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5 takeaways from the Senate impeachment trial

WASHINGTON — President Donald Trump’s legal defense team on Monday argued that the Senate should acquit because the impeachment articles lack legitimacy after the House tore up their long-standing procedures and dismissed the president’s executive privilege.

But missing from the lengthy lectures on the history of impeachment; detailed accountings of evidence House managers failed to disclose; and a focus on Hunter Biden’s lucrative post at Burisma, a Ukrainian energy firm, was the talk of the Capitol: John Bolton’s forthcoming book.

Over the entire session, only one of Trump lawyers mentioned the bombshell New York Times report in which the former national security adviser wrote that Trump told him he wanted to withhold security aid to Ukraine until it announced investigations into the Bidens.

Asked by reporters about the Bolton report as they streamed into the Senate chamber for the 1 p.m. trial, many Republicans dodged the questions or dismissed the significance of the former security adviser's account — except for four or five senators that Democrats hope will vote to call witnesses later this week.

Meanwhile, House Democrats sent out a steady stream of refutations of the Trump defense team’s case.

Here are highlights from the Senate impeachment trial on Monday.     

'Runaway House'

To knock down the articles of impeachment, Trump’s defense turned to Kenneth Starr, the independent counsel whose investigation led to the impeachment and acquittal of President Bill Clinton. Starr, who called impeachment “hell,” argued that House Democrats failed on abuse of power charges by citing no specific crime. “Will law professors agree with this? No. But with all due respect this is not an academic gathering. You are in court,” Starr said. And the obstruction charge failed because House Democrats conducted an unprecedented and illegitimate impeachment inquiry, choosing to “tear asunder their procedures” and to “toss out their own rule book,” Starr said. “Here we have tragically for the country … in Article II of these impeachment articles a runaway House. It is a runaway not only from its long-standing procedures, it is a runaway from the Constitution's demand of fundamental fairness.”

Focus on Hunter Biden

Trump’s defense team spent two hours arguing that Trump had a good reason to be concerned about then Vice President Joe Biden’s forcing out a Ukrainian prosecutor general who had probed Burisma, which gave Biden’s son Hunter a lucrative post. Trump lawyer Pam Bondi laid out the news reporting and actions by the United Kingdom and U.S. State Department officials about the appearance of a conflict. Trump lawyer Eric D. Herschmann questioned the fact that Biden was following the policy of the United States and its western allies. “From 2014 to 2017, Vice President Biden claimed to be on a crusade against corruption in the Ukraine,” Herschmann said. “But during this whole time what else was happening? His son and his business partner were raking in over $1 million a year for what was regarded as one of the most corrupt Ukrainian companies in the energy sector, owned and controlled by one of the most corrupt oligarchs.”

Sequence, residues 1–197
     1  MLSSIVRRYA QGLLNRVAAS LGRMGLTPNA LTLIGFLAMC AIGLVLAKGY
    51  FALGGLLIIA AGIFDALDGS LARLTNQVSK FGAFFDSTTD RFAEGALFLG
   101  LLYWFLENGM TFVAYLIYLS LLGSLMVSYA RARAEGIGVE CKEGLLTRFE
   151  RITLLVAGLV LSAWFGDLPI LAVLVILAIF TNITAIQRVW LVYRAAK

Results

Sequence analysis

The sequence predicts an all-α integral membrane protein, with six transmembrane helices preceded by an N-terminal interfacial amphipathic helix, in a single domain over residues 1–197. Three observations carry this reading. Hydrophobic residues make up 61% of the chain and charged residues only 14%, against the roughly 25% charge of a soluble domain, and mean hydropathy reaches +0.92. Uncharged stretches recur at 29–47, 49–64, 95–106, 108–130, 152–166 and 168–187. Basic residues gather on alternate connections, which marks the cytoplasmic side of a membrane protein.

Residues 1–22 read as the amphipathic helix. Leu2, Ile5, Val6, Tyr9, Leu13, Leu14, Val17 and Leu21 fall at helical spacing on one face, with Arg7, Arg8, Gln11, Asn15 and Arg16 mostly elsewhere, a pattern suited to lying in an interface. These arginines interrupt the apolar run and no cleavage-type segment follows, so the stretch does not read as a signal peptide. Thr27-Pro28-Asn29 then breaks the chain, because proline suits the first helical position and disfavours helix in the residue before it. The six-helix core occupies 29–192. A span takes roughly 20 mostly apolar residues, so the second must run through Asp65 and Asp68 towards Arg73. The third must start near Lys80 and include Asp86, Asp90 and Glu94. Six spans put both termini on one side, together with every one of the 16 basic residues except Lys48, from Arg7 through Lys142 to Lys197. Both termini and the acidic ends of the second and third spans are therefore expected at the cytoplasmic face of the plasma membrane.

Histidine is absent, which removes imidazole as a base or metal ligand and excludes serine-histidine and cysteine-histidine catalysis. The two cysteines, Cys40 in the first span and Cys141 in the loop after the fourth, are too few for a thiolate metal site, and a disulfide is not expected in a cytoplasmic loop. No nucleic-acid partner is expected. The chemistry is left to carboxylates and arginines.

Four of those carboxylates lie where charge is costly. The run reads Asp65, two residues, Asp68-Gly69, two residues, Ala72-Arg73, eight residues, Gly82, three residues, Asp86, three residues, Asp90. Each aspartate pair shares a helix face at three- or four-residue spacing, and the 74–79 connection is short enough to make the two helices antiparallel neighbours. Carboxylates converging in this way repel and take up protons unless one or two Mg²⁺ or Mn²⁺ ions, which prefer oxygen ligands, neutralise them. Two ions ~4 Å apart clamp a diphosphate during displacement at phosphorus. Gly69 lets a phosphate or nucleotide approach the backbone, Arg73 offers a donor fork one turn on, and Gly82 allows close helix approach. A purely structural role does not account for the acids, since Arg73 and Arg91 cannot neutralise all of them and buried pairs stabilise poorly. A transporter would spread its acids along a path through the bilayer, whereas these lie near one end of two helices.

Dershowitz: Bolton Revelation Irrelevant

The only Trump attorney to mention the Bolton report was Alan Dershowitz, the retired Harvard law professor. “Nothing in the Bolton revelations, even if true, would rise to the level of an abuse of power or an impeachable offense,” Dershowitz declared. “You cannot turn conduct that is not impeachable into impeachable conduct simply by using words like quid pro quo and personal benefits.” Dershowitz said that’s because the articles of impeachment use standardless and vague terms — “abuse of power” and “obstruction of justice” — instead of actual crimes. That is a position he acknowledged is contrary to the academic consensus that he also took during the Clinton impeachment. But he insisted, “My switch  in attitude  is purely academic and purely nonpartisan.”

Defense: Giuliani a bit player

The Trump defense team sought to downplay the role of Rudy Giuliani — the private lawyer Trump referred his diplomats to about Ukraine and urged that nation's president to talk to. And Giuliani has publicly urged Ukraine to investigate the 2016 U.S. election and the Bidens. But Trump lawyer Jane Raskin downplayed Giuliani’s role. “So yes, Mayor Giuliani was President Trump's personal attorney, but he was not on a political errand,” she said. “He was gathering evidence regarding Ukrainian election interference to defend his client against the false allegations being investigated by special counsel [Robert] Mueller.” Raskin questioned why House managers didn’t call him as a witness and concluded: “Mr. Giuliani is just a minor player, that shiny object designed to distract you.” 

Will Bolton Be Called?

After the Bolton report broke, Senate Minority Leader Chuck Schumer (D-N.Y.) on Monday morning asked, “How can Senate Republicans not vote to call that witness and request his documents?” Some Republicans appeared to be open to the idea. "I think it's increasingly likely that other Republicans will join those of us who think we should hear from John Bolton," Sen. Mitt Romney (R-Utah.) told reporters. Sen. Susan Collins (R-Me.) said she is “likely” to vote for witnesses and the book “strengthens the case for witnesses.” And Sen. Lisa Murkowski (R-Alaska) said she is “still curious” about what Bolton would say. But Sen. John Thune (R-S.D.) summed most of his party’s view: “I think a lot of our members will look at this and say it doesn’t change the basic facts of the case. I don’t think it does.”

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